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She sucked his money, his vitality, his personality from him.She did not reduce Rawdon to such a shell, but she played Delilah to his Samson.The Iphigenia clock, then, symbolizes the complete subordination of the Osbornes to money and social success.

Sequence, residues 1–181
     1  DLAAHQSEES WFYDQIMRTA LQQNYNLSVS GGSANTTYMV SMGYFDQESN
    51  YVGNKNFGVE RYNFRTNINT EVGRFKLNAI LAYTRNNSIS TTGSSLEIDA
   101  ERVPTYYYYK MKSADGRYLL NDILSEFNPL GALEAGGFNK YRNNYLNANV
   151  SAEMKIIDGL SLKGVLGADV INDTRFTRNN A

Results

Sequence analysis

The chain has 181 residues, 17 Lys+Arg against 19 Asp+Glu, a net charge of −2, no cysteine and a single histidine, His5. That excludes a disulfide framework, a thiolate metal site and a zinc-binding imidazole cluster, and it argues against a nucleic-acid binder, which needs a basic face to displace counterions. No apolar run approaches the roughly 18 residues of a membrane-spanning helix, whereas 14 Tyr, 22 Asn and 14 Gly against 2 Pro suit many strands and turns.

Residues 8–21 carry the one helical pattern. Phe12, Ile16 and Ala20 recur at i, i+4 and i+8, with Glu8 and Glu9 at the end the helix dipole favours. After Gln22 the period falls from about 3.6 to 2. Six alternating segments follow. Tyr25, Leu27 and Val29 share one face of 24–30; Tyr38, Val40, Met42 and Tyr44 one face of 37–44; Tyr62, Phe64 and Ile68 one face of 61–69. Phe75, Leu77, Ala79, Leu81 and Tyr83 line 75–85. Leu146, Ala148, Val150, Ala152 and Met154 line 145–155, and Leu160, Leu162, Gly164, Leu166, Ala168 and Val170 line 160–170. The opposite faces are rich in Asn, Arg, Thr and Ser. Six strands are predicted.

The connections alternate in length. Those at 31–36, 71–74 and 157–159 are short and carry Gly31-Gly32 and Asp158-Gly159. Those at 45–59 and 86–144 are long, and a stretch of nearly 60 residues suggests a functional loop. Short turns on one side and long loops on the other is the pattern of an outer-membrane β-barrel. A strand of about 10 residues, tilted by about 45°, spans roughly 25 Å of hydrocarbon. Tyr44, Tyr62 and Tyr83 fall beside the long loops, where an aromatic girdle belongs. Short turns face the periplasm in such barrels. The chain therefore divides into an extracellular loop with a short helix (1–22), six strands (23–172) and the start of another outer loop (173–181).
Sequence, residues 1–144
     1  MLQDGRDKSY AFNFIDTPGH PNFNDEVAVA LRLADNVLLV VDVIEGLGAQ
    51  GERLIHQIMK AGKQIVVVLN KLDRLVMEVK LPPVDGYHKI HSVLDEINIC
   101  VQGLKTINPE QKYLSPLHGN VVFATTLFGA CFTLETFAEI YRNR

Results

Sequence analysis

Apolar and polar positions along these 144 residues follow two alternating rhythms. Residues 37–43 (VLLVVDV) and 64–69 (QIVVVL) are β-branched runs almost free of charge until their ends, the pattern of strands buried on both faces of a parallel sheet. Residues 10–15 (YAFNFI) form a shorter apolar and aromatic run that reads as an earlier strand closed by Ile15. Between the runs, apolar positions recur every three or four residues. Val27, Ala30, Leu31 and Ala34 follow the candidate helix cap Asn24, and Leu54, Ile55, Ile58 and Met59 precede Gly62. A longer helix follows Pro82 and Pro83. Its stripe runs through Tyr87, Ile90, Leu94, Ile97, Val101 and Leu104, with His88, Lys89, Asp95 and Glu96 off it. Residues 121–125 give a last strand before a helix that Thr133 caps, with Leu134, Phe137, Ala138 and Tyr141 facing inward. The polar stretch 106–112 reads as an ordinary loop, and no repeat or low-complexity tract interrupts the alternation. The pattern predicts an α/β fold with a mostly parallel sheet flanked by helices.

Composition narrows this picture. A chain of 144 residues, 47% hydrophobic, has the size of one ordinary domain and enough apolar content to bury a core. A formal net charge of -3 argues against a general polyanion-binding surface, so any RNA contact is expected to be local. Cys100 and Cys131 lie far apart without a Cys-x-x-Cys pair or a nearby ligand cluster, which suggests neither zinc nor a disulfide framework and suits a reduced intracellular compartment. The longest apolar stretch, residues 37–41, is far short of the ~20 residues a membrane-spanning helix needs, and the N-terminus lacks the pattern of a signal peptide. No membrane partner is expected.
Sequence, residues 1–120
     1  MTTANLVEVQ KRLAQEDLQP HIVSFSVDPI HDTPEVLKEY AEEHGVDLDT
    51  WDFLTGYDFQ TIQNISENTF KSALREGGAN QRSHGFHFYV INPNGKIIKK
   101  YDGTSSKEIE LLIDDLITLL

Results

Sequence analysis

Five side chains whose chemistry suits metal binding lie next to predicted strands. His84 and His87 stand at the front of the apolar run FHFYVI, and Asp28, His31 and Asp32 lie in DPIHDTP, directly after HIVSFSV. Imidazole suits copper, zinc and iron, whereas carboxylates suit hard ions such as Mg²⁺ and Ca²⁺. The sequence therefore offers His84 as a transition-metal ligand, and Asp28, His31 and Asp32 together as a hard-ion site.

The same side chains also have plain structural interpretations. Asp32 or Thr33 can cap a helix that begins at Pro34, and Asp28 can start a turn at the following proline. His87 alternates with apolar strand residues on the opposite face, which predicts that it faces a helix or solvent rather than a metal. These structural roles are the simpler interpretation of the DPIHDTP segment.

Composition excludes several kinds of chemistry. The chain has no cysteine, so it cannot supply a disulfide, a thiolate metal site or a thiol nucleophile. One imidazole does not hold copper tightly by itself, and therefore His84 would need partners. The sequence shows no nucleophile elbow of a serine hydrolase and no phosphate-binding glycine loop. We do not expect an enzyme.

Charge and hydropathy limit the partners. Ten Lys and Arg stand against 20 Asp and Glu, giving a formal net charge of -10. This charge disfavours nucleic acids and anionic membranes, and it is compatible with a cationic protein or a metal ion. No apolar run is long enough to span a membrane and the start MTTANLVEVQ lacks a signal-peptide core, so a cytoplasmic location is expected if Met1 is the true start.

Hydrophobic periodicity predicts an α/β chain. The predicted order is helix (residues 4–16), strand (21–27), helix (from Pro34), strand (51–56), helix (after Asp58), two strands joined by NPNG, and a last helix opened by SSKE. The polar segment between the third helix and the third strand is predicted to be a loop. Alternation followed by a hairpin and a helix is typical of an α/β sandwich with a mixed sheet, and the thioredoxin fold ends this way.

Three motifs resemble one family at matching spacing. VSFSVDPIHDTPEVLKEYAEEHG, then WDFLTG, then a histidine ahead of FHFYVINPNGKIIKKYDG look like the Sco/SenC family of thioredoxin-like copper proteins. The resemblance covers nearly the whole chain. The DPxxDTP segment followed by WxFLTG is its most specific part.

Her mother is aware of this, saying that if she were to appear on television, she would be, as she describes in one of the important quotes from “Everyday Use”by Alice Walker, “the way my daughter would want me to be: a hundred pounds lighter, my skin like an uncooked barley pancake." In other words, because of her tradition of education in the modern (read as “white-influenced" world) Dee would find that her mother is does not fit what her education has taught her is attractive.Her knowledge is useful and grounded in her everyday tasks.She gives a summary of her farm-related accomplishments and brags of being able to kill a hog like a man and can cook and take care of the homestead.At the charade party Rebecca plays Clytemnestra, symbolic of her destruction first of Rawdon, second of Joseph.(Clytemnestra killed her husband, Agamemnon, when her lover's courage failed.) Rebecca is also called Circe, the siren who lured men to their death.Because the reader gets the sense that she is steeped in an educational tradition that emphasizes usefulness, she is at odds with the educational traditions of her daughter, Dee, who has been to school away from home.This tension between educational traditions is one of the main themes in “Everyday Use” by Alice Walker and is apparent after Dee’s mother details what she knows about (usually related to farm tasks) but when she discusses her daughter’s educational traditions, she speaks almost disdainfully, saying, “She used to read to us without pity, lies, other folks’ habits, whole lives upon us two, sitting trapped and ignorant underneath her voice.In terms of this analysis and summary of themes in “Everyday Use” one should note that that these two ways of thinking about African American traditions create the tension in the short story and although there is no “correct" viewpoint about these traditions expressed, the set up of the story allows the reader to consider both sides.The plot of “Everyday Use” by Alice Walker itsekf Even from the beginning of “Everyday Use" by Alice Walker, it is clear there is a tension between Dee and her family because of her outside education.She washed us in a river of make-believe, burned us with knowledge we didn’t necessarily need to know." To her mother, Dee’s knowledge is foreign and is tinged with an element of danger since it includes “lies" and “other folks’ habits" and worse yet, it makes her mother and sister, who have a different tradition of learning feel “ignorant and trapped" with knowledge that her mother feels is not necessary.In “Everyday Use" by Alice Walker, traditions based in learning extend far beyond ways of thinking about issues or objects, they also inform the way each character expresses her outer identity.